The use of silicone blocks for intermaxillary fixation has already been documented in the report by Ergün (2003).30 But in their study, it was a different type of silicon block, namely medical grade silicone block which is carved by surgeon depending on the surgical needs of the clinical situation. Such type of carved medical grade silicone block was applied as a pellet for the treatment of minor malocclusion upon the mandible condyle fracture management with a purpose to restore functional occlusion. Medical grade silicone is a flexible silicone elastomermaterial designed for implant or to reconstruct or augment cartilaginous tissue. For the same purposes, application of the pieces of rubber tube in several layers, rubber stoppers from vials for medicinal substances, etc. are described by Tymofieiev (2020).25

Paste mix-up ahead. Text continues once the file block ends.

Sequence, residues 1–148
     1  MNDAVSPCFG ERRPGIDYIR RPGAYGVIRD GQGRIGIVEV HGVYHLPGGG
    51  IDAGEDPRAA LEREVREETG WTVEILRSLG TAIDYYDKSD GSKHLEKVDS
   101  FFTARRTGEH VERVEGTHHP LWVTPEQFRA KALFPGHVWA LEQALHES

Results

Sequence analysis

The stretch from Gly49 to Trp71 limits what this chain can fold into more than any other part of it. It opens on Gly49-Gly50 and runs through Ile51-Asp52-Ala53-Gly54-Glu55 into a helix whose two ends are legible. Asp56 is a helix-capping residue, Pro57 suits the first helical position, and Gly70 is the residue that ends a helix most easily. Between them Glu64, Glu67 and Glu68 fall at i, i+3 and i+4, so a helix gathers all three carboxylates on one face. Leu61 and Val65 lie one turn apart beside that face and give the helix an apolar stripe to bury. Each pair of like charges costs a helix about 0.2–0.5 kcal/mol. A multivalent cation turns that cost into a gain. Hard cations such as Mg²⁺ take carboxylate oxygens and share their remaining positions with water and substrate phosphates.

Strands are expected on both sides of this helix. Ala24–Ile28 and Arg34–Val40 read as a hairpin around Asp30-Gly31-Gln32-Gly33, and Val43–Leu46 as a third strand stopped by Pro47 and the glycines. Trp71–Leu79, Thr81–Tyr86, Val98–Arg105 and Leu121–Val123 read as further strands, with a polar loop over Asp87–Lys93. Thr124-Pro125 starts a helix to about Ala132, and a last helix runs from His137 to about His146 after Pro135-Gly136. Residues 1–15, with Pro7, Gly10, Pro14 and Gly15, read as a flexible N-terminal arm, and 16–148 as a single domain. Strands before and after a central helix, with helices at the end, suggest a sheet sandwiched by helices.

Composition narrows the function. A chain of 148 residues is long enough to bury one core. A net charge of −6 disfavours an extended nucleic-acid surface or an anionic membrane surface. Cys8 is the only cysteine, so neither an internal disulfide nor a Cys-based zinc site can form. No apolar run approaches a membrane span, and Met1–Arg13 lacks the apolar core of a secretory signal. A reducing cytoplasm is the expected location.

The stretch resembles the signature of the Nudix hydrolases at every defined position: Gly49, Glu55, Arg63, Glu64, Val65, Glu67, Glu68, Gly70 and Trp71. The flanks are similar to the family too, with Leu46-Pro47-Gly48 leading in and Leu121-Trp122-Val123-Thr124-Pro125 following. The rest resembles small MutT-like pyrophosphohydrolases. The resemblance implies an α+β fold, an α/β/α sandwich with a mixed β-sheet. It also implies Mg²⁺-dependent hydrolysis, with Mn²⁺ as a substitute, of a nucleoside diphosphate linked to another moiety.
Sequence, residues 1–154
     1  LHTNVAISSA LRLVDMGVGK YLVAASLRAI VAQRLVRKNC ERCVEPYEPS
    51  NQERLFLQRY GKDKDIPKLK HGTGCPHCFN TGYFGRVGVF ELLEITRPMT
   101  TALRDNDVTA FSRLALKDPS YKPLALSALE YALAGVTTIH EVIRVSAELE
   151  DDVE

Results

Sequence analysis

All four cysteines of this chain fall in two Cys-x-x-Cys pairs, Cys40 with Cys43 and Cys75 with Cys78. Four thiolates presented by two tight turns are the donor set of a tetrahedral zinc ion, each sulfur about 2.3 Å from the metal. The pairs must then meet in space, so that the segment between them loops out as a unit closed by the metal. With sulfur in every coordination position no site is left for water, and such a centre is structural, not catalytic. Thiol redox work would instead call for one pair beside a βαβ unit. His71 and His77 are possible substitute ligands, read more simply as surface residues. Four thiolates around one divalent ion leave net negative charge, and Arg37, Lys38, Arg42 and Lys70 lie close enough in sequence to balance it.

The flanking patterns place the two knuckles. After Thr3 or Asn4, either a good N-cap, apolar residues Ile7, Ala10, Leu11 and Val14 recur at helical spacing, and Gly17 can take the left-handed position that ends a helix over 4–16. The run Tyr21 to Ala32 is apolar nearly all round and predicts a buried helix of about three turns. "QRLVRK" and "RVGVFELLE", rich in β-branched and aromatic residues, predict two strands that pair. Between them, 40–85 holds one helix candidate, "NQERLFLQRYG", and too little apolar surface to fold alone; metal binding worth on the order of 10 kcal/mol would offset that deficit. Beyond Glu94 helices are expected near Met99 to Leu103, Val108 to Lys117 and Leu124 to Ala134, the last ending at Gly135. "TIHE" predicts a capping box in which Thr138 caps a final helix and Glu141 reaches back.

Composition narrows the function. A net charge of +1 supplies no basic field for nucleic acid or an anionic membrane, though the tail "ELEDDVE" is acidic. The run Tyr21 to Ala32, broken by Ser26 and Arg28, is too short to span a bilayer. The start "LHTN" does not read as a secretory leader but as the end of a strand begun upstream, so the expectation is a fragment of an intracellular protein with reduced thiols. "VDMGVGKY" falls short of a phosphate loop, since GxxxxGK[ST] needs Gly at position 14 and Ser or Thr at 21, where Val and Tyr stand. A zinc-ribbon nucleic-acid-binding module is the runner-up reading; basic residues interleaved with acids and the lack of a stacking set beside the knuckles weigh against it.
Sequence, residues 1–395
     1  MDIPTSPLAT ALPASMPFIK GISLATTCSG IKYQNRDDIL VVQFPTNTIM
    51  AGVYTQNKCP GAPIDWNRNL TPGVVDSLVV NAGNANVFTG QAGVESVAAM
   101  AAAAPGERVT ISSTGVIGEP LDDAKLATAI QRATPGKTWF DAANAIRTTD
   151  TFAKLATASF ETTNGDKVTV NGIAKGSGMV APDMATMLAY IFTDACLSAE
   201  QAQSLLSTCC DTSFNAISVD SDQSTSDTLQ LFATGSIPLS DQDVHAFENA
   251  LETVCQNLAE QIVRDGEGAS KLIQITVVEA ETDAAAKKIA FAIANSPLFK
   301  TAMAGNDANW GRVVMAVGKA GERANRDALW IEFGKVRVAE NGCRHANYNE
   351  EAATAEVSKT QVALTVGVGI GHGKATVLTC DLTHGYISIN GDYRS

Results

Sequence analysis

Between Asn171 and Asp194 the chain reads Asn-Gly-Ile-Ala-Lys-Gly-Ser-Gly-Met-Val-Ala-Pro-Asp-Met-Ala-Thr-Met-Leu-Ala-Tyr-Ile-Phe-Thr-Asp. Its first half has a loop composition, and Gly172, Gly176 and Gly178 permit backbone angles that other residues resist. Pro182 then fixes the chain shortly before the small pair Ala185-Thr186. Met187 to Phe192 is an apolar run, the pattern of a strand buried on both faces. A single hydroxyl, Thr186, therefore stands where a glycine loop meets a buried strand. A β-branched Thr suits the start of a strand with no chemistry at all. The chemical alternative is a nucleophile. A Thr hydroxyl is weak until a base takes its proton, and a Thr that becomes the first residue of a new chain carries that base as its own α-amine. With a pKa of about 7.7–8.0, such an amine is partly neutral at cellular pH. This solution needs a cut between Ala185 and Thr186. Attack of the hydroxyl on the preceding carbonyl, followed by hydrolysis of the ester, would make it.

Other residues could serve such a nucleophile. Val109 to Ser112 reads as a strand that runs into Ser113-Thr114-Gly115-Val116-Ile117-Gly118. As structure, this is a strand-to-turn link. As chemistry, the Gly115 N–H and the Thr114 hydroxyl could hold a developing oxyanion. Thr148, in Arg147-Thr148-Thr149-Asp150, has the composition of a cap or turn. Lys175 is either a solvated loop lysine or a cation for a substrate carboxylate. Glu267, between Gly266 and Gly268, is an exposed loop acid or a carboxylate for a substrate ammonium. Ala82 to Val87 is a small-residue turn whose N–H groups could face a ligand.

A-silicones (also known as polyvinyl siloxanes [PVS] or vinyl polysiloxanes [VPS]) (Rubel and colleagues, 2007; Muñoz-Viveros, 2012)31,32 and C-silicones are elastic and irreversible impression materials and typically used to replicate the structures of the oral cavity. Theoretically, both types of those silicones could also be applied for fabrication of the bite block-splint that can work in combination with MMF screws to immobilize the mandible fragments. But in this study, we analyze the application only a C-silicone material. C-silicone which was used in our case met all requirements the patient’s intraoral situation needed: Low cost of fabrication, possibility to fabricate without assistance of dental technician, and can be adapted to partially edentulous jaws and lack of occlusion. Moreover, the production of such a block splint turned out to be surprisingly fast and possible not only without the presence and help of a dental technician, but also a prosthodontist. Therefore, such blocks can be made by surgeons themselves if they have С- or A-silicone impression material and indurent gel in their office.